If you have worked hard to lose weight, you will want to enjoy your new healthy weight for the rest of your life. Here are ten tips for achieving lifelong weight maintenance:
1. Monitor Your Weight
Weigh yourself once a week (do not weigh yourself too often it is natural for your weight to fluctuate daily). Use your bathroom scales, or find a pair of pants that are comfortable at your goal weight and identify if they get significantly tighter or looser.
It is normal for your weight to fluctuate by 1-2 kilograms, but if you notice your weight increasing on two or more consecutive weeks try one (or a combination) of the following three actions:
1) Decrease your calorie intake
2) Increase the duration and / or frequency of your exercise sessions
3) Change any areas of your lifestyle, behaviour or environment that could be hindering your weight management efforts.
You should set an upper and a lower limit on your weight (a Dietitian can help you set appropriate limits). If you hit your upper or lower limit, seek professional help from a Dietitian as soon as possible. And do not procrastinate for too long - it is much easier to reverse a 1-2kg weight gain than it is to reverse a 5-7kg weight gain!
2. Monitor Your Eating Patterns
It is important that you maintain a consistent eating pattern for the rest of your life - do not change it too drastically on weekends or when you go away on holidays.
Documenting what you eat is a great habit. By keeping a food diary you can ensure that you are eating the right amounts of food from each of the five food groups and check that you are eating regularly (that means not skipping any meals).
Hopefully you engaged in regular exercise while you were losing weight. To maintain your weight you need to exercise at a moderate intensity (a rate at which your heart rate is elevated but you can still carry out a conversation) for at least 150 minutes per week (1). A great way to achieve this is to walk for 30 minutes on five days of every week. For the fitter members of the audience, you can try vigorous cardiovascular exercise such as jogging for 20 minutes a day on three days of every week.
If you want to change the shape of your body or strengthen your muscles, try resistance training. Resistance training is performing exercise against an opposing force such as water, free weights, weight machines, a theraband, a fit ball or even your own body weight. Resistance training offers many benefits: it increases the proportion of lean body tissue (muscle) in your body contributing to a higher metabolic rate. Plus it improves your posture, flexibility and strength. If you are interested in starting a resistance training program, it is best to have a program designed by an Exercise Physiologist or a personal trainer.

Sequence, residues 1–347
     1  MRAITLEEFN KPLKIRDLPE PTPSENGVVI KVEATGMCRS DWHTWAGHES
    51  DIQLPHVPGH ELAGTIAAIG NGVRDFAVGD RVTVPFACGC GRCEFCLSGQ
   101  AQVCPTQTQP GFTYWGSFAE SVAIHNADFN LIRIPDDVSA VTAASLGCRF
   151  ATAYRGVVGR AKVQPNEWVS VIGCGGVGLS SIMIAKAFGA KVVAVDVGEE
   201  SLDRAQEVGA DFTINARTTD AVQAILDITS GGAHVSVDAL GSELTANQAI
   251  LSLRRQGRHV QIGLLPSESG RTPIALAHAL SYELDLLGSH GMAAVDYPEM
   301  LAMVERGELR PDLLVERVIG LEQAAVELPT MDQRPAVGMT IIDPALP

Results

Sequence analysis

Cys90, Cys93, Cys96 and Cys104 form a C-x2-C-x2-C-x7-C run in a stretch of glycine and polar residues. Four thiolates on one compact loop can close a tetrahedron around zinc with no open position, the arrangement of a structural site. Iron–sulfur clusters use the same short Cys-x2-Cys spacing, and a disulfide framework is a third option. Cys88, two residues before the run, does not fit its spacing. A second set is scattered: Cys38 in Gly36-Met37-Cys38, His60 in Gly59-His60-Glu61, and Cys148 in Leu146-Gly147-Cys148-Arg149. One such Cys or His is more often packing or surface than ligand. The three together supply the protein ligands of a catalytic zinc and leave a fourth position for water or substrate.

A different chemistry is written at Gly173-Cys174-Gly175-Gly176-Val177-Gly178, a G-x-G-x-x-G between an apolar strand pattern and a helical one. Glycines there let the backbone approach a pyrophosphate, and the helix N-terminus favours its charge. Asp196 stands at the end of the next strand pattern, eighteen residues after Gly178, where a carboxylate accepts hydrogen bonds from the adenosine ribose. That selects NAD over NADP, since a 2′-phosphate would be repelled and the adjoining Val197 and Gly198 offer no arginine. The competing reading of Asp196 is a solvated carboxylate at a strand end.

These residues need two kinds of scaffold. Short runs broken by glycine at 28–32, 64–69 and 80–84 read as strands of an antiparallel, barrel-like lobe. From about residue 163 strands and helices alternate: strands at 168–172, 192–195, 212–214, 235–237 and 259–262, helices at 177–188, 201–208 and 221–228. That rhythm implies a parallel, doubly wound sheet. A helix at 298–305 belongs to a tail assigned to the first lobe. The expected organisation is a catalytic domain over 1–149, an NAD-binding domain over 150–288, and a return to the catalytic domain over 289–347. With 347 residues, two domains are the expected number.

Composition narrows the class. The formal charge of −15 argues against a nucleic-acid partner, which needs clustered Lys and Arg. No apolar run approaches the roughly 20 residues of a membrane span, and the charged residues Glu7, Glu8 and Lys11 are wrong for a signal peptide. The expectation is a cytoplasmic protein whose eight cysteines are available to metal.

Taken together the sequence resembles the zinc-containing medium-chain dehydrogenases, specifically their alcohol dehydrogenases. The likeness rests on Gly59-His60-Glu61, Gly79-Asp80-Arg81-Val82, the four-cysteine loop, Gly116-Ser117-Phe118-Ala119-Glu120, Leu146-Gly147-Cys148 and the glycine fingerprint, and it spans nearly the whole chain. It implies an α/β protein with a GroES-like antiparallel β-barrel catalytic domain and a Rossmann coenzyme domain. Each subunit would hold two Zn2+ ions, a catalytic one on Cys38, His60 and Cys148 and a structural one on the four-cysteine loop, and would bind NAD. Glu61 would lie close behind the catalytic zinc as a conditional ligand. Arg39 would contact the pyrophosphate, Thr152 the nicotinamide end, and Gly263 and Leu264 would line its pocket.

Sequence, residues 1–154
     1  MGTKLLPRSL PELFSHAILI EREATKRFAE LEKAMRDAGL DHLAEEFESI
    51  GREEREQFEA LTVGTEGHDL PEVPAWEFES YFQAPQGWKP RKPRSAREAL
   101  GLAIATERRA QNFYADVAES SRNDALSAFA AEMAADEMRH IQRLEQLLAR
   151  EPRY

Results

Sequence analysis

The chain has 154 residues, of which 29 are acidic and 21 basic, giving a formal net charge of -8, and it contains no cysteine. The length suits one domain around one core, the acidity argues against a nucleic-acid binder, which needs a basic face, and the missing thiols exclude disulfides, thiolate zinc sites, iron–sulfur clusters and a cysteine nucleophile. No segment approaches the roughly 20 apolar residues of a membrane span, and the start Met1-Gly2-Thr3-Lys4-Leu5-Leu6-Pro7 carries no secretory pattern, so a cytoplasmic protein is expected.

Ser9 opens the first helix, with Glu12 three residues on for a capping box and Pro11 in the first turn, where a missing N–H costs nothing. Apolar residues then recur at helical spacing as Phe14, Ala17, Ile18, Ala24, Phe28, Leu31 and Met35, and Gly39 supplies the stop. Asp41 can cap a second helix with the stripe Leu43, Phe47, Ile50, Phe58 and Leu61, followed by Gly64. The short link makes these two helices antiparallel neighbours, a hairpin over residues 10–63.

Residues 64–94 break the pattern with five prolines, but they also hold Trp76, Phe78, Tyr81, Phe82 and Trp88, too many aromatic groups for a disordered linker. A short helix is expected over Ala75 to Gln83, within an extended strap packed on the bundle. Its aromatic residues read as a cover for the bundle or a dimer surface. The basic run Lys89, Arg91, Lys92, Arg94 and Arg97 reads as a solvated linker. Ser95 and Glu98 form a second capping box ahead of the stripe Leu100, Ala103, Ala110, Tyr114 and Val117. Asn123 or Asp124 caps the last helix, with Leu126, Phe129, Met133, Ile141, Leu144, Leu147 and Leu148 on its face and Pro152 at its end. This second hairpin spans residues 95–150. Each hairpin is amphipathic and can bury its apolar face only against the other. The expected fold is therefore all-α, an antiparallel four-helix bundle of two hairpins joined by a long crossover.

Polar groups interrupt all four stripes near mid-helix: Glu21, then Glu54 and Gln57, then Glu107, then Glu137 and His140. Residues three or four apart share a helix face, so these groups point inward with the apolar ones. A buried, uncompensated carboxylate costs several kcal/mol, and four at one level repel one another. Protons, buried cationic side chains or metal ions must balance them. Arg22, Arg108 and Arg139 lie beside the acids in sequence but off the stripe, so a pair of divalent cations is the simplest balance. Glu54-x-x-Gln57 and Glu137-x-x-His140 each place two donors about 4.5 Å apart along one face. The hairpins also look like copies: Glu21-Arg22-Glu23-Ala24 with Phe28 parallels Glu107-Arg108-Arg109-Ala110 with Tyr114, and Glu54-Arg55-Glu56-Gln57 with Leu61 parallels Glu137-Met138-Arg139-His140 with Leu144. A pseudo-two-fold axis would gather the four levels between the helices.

4. Continue to Set Goals
The goal of weight loss is change, whereas the goal of weight maintenance is no change. It can be harder to eat well and exercise when you do not see results for the effort you are putting in. To account for this, try setting other life goals that are better enjoyed at a lower weight (e.g. joining a community fun walk or going travelling).
5. Reward Yourself
When you were losing weight you were probably enjoying the associated rewards the complements from other people, the excitement of fitting into smaller clothes and the joy of jumping onto the scales and seeing a smaller number. So you will need a new set of rewards for maintaining your weight. Perhaps you can treat yourself to a massage, buy a book or have a manicure of pedicure at the end of every month. Continue these rewards for at least the first few years after weight loss.
6. Enlist Support
While you were losing weight you probably received encouragement from family, friends and health professionals. Weight maintenance can be just as difficult as weight loss at times - and it can be a more isolated process. But it does not have to be that way. Tell the important people in your life that maintaining your healthy weight is important to you, and that you would like their support and encouragement for the long term.
7. Remain Vigilant
It is easy to get complacent when you achieve your weight loss goal. People sometimes fall into the trap of thinking, "I can have that extra scoop of chocolate ice cream for dessert because I have lost a lot of weight and I am feeling really good". Just because you have lost weight it does not mean that extra calories do not add up anymore.
It is important to treat yourself from time to time, but it is also important to recognise when extra treats are creeping into your diet too often. By keeping a food diary (or just listing the extras you are having on a notepad) you can identify how frequently you are treating yourself. You should consume no more than 2-3 treats per week, and whenever you consume a treat limit yourself to a 200 Calorie portion.
8. Be Organised
It is hard to manage your weight when the rest of your life is in chaos. Leave plenty of time for relaxation, sleeping, shopping for healthy foods, preparing healthy meals and exercising.
9. Maintain your Self Esteem
Maintain a healthy level of self esteem - do not link how you feel about yourself to your weight. Be happy with you weight and proud of the weight loss that you have achieved.
10. Do Not Use Food to Stabilise Your Moods
If you are feeling stressed or upset, find a non-food related way of calming yourself - go for a walk, take a bath or call a friend.
Lastly, do not forget that weight maintenance can be just as challenging as weight loss (if not more so in the first two years). But it gets easier with time, and by following our advice you will be well on your way to success.
(1) Donnelly, J et al. 2009, 'Appropriate Physical Activity Intervention Strategies for Weight Loss and Prevention of Weight Regain for Adults', Medicine & Science in Sports & Exercise, 41 (2) pp 459-471